Cardinal Cupich rebukes Father Pfleger for Louis Farrakhan event

CHICAGO (WLS) -- Cardinal Blase Cupich rebuked Father Michael Pfleger in a statement Friday evening for his event hosting Nation of Islam Minister Louis Farrakhan at St. Sabina Church Thursday night.

Pfleger invited Farrakhan to speak at St. Sabina a week after he was permanently banned from Facebook and Instagram that the platform deemed hateful and even dangerous.

Farrakhan spoke for about an hour to a standing room only audience. Many in the church streamed his remarks live on Facebook.

"Without consulting me, Fr. Michael Pfleger invited Minister Louis Farrakhan to speak at St. Sabina Church in response to Facebook's decision to ban him from its platforms," Cupich said in a statement.

RELATED: Louis Farrakhan speaks at St. Sabina church at invitation of Father Michael Pfleger

The statement continued, "Minister Farrakhan could have taken the opportunity to deliver a unifying message of God's love for all his children. Instead, he repeatedly smeared the Jewish people, using a combination of thinly veiled discriminatory rhetoric and outright slander."

Cupich condemned what he called repeated smears of "the Jewish people, using a combination of thinly veiled discriminatory rhetoric and outright slander."

"He said there were good Jews and there are bad Jews, true. There are good Catholics and bad Catholics," Pfleger said Friday. "I'm doing what I believe the Gospel calls me to do and continue to try and bring people together and try to speak truth."

But Cupich saw it differently, writing, "Antisemetic rhetoric - discriminatory invective of any kind - has no place in American public life, let alone in a Catholic Church."

Since last night's speech, the local Jewish community and a Los Angeles=based human rights organization have publicly denounced Pfleger.

"I think that Jesus said in the scriptures, that leave judgement to the Father. Leave judgement to the Father," Pfleger said.

The Illinois Holocaust Museum invited Father Pfleger to meet with leadership and survivors. Friday he said he gladly accepts the invitation and sees this back and forth as a way to open dialogue between different groups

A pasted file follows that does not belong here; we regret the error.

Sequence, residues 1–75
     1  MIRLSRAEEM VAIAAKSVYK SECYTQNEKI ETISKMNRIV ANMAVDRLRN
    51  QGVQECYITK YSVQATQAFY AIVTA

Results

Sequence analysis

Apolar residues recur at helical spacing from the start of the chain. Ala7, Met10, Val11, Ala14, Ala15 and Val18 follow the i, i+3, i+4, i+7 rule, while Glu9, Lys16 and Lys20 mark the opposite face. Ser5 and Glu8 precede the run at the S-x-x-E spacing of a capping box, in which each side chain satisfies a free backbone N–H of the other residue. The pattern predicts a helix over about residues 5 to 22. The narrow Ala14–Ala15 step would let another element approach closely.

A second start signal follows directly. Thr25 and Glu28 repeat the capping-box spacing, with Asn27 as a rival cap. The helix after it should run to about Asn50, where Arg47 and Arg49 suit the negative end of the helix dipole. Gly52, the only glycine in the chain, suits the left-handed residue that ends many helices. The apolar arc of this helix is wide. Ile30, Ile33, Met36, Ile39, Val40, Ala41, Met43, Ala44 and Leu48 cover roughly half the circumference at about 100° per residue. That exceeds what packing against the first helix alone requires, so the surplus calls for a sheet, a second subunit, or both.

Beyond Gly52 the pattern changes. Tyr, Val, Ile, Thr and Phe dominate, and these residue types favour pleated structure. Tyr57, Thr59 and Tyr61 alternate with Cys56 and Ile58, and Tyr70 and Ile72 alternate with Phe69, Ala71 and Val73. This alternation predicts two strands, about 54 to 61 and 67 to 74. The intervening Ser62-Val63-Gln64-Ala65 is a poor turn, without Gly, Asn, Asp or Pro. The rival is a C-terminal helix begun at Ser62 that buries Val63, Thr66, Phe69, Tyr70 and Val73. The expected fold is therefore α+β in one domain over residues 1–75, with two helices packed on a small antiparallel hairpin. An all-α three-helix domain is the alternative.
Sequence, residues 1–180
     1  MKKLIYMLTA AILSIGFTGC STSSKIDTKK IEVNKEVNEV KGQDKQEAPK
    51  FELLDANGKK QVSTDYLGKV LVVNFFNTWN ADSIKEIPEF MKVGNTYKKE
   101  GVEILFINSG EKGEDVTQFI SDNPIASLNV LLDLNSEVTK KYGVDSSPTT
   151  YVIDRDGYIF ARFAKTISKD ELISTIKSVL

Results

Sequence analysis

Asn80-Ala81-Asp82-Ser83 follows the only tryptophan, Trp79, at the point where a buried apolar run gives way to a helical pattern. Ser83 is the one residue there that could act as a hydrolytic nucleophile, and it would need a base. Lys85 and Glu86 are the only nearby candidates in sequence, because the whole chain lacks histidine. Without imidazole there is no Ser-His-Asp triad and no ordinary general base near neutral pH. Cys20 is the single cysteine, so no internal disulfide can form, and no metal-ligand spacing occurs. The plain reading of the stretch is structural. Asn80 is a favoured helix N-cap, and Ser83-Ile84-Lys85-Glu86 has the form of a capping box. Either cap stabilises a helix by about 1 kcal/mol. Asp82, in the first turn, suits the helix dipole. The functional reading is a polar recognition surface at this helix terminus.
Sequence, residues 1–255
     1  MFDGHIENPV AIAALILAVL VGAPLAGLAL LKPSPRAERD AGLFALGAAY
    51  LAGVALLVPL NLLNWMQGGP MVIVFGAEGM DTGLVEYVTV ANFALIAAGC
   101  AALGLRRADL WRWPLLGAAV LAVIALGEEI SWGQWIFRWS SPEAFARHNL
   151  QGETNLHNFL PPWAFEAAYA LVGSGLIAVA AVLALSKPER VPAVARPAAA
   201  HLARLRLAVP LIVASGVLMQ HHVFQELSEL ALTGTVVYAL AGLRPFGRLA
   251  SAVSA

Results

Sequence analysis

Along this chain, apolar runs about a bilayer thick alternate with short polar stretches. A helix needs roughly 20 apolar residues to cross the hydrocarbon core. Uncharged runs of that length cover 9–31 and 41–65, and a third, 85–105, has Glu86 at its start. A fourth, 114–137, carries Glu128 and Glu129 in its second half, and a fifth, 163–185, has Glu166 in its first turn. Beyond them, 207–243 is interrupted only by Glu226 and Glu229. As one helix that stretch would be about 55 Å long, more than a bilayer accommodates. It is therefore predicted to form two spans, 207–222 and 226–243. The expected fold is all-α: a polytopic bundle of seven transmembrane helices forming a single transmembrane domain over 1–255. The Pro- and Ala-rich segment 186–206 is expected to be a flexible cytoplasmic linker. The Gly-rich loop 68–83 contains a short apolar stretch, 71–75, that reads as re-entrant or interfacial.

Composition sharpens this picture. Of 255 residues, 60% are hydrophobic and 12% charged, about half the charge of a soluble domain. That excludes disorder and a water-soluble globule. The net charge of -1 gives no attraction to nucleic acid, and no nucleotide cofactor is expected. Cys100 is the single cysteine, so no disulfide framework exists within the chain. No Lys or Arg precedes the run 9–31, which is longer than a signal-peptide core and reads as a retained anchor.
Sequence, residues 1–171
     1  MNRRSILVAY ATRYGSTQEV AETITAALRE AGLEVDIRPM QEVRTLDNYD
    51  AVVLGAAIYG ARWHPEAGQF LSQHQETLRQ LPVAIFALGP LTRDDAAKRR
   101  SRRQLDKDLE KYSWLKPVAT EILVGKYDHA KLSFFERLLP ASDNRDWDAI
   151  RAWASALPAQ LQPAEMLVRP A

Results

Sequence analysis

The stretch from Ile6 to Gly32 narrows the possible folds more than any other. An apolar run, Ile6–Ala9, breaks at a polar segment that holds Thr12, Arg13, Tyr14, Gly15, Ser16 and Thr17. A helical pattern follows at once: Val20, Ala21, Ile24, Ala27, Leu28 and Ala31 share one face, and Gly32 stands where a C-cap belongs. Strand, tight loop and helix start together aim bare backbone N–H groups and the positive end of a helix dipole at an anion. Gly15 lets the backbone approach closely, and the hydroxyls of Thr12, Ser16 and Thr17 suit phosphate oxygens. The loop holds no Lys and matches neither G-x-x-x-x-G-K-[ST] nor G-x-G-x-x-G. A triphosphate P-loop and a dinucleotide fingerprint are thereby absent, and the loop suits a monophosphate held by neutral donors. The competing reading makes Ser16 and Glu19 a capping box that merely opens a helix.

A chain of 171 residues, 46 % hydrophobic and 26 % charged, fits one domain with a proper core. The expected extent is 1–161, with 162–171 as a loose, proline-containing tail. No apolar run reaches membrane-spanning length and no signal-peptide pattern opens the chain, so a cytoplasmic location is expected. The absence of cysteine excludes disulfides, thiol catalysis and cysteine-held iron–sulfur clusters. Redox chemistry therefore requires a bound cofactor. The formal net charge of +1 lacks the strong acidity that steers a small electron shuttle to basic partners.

CARDINAL CUPICH'S FULL STATEMENT

Without consulting me, Fr. Michael Pfleger invited Minister Louis Farrakhan to speak at St. Sabina Church in response to Facebook's decision to ban him from its platforms. Minister Farrakhan could have taken the opportunity to deliver a unifying message of God's love for all his children. Instead, he repeatedly smeared the Jewish people, using a combination of thinly veiled discriminatory rhetoric and outright slander. He suggested that "Talmudic thought" sanctioned pedophilia and misogyny. He referred to Jewish people as "satanic," asserting that he was sent by God to separate the "good Jews" from the "satanic Jews."

Such statements shock the conscience. People of faith are called to live as signs of God's love for the whole human family, not to demonize any of its members. This is all the more true of religious leaders, who have a sacred duty never to leverage the legitimacy of their ministry to heap blame upon a group of persons, and never to deploy inflammatory rhetoric, long proven to incite violence. Antisemitic rhetoric - discriminatory invective of any kind - has no place in American public life, let alone in a Catholic church. I apologize to my Jewish brothers and sisters, whose friendship I treasure, from whom I learn so much, and whose covenant with God remains eternal.

I encourage Fr. Pfleger to accept the invitation of the Illinois Holocaust Museum and Education Center to meet with their leadership and dialogue with survivors. And I pledge to continue our work with our city's religious leaders and all people of good will to promote tolerance, respect, and nonviolence. As the Reverend Dr. Martin Luther King, Jr. said, "Hate is too great a burden to bear."
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